Demons' Score iOS iPad iPhone Gameplay Review -

Uploaded by AppSpy on 26.09.2012

When you bring together notable composers responsible for the stunning soundtracks of
games like Final Fantasy 11, Nier, and Secret of Mana, youíd like to think their work is
showcased appropriately. Iím not entirely sold on the ëappropriateí part when it comes
to the magic-transforming-teenager-and-skimpy-clothes department of Demonsí Soul by Square Enix,
but the rhythm-based gameplay is perhaps the best way to showcase its music.
You play as Serenity Aleister, a girl thrown in to the unfortunate job of tech-support
for her father. Her task includes destroying the demon lords of the underworld who have
been unwittingly unleashed upon the world, and with the help of her possessed bear and
a sub-machinegun and sword combo, she might just succeed.
Each stage is themed after a particular style of music, tied directly to the boss itself.
Scratch that - prior to reaching the boss the music you listen to (and dispatch monsters
with) is based on the ësoulí you currently have equipped. At first youíll have none,
but after killing Asmodeus youíll be able to turn in to a skimpily dressed ëclubberí,
taking on his particular musical motif in battle. Kill another boss and youíll have
the choice of forming a ëpactí to transform in to them, gaining boosts to your stats and
a change in music in the process.
To take out the hordes of enemies youíll engage in an Elite Beat Agents/Oendan style
of tapping, sliding and swiping the screen in beat with the music. Miss a beat and youíll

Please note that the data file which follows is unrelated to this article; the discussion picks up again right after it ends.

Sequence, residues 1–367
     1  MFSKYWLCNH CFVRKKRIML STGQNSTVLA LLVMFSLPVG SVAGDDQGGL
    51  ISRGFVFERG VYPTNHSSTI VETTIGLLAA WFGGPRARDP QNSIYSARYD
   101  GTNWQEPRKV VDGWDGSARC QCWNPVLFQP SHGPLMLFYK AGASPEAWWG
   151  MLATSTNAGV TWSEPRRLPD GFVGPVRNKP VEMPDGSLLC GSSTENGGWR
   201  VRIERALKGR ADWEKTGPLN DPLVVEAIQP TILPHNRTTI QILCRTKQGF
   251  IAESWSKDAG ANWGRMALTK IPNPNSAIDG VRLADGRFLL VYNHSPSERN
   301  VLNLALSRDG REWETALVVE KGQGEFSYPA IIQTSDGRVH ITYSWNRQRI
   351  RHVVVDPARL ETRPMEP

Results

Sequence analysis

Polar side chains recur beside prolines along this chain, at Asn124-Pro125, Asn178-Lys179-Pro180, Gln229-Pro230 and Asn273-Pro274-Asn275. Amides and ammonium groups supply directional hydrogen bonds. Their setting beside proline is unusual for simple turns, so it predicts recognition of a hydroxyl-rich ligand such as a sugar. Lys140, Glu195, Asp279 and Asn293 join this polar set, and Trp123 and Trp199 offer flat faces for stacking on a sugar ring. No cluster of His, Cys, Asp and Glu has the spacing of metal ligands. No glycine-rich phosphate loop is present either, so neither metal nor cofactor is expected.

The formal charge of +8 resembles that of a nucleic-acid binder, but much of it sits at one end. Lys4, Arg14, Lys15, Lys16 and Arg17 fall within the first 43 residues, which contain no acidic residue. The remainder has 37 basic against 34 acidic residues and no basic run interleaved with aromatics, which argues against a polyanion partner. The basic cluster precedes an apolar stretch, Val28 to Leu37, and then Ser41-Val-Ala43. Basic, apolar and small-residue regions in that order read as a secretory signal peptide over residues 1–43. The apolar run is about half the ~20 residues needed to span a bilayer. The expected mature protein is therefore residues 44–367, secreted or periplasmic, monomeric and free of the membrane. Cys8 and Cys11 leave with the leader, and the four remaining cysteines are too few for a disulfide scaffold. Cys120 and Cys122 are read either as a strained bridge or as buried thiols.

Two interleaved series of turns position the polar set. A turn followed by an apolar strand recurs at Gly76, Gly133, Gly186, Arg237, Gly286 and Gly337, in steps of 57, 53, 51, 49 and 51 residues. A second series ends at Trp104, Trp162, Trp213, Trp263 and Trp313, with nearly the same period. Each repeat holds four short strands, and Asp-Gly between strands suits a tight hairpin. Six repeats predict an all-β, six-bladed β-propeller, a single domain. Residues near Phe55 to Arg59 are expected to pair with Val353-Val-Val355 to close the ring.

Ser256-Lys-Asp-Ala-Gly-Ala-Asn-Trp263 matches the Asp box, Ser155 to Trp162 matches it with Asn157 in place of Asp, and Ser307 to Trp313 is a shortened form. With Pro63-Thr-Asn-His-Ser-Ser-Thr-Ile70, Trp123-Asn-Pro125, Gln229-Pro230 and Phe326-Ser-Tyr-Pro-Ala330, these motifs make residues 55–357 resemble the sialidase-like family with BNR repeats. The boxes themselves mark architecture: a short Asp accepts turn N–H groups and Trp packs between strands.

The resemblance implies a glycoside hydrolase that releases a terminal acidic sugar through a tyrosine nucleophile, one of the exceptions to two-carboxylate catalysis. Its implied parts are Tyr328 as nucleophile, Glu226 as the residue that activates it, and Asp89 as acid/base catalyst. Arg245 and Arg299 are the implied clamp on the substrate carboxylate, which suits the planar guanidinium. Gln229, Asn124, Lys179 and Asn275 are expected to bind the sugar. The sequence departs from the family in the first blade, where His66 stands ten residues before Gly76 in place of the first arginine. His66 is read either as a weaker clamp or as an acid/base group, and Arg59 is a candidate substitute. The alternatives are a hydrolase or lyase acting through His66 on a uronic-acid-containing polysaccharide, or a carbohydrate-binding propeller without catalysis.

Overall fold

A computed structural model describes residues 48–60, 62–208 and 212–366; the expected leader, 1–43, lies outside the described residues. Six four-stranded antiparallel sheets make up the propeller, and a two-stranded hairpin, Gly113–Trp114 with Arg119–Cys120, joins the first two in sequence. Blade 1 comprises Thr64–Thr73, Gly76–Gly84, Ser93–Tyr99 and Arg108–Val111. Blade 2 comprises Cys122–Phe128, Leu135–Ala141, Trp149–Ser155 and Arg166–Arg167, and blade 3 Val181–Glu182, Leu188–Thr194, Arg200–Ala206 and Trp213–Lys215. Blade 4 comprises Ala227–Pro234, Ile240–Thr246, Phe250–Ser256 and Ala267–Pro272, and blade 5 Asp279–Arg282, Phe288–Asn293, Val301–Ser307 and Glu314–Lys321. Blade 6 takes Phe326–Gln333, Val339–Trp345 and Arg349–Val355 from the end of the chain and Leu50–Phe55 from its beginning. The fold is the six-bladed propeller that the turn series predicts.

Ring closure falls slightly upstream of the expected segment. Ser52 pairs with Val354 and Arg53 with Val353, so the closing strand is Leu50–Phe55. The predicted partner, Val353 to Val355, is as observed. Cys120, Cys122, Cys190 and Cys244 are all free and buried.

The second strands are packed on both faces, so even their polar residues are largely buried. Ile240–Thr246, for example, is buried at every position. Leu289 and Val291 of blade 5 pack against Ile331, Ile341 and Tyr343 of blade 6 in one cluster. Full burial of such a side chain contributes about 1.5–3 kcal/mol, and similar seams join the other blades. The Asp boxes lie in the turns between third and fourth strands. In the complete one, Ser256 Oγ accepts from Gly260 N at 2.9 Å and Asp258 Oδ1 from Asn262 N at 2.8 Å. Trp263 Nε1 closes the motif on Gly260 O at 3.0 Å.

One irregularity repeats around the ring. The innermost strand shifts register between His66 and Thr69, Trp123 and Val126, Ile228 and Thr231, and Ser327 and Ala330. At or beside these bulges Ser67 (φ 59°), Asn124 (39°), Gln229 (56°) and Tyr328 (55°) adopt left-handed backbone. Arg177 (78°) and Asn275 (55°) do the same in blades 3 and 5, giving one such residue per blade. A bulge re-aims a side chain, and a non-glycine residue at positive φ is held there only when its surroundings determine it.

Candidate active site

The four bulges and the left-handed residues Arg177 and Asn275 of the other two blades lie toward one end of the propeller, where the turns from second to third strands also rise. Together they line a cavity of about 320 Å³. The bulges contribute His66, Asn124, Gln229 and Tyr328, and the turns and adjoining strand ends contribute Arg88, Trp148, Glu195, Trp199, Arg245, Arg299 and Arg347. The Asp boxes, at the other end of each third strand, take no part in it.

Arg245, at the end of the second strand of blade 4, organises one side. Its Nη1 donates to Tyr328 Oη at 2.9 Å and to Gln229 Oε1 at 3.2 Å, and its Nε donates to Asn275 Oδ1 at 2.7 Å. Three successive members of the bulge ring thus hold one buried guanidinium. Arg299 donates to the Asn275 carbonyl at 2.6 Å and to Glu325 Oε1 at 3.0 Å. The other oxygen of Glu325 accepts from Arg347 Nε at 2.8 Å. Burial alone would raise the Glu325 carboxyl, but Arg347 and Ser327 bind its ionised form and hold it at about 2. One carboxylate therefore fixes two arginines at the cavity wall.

take damage - get a ëperfectí/ícriticalí and youíll gain health. Itís all very simple
at its core, but twists such as multiple taps and zig-zagging swipes will keep you busy.
However - and this is where things become a little depressing - you didnít think youíd
get all of this for free did you? Sadly not. Despite the already significant initial cost
of the game, signing ëpactsí will require you to spend even more money - as such the
game holds you to ransom if youíd like some variety in your models and music beyond the
first basic ones. For a game touting little variety in the way of combat and an enforced
ërepetitioní of the Easy, Medium, and Hard stages to actually ëbeatí the game in its
entirety, this becomes a fairly dirty move on the part of the publisher.
If you donít mind repetition or youíre happy to fork out large sums of money for the limited
experience in Demonsí Soul, then this is most definitely worth your time, but itís
a hard pill to swallow when you consider how repetitive the default gameplay is.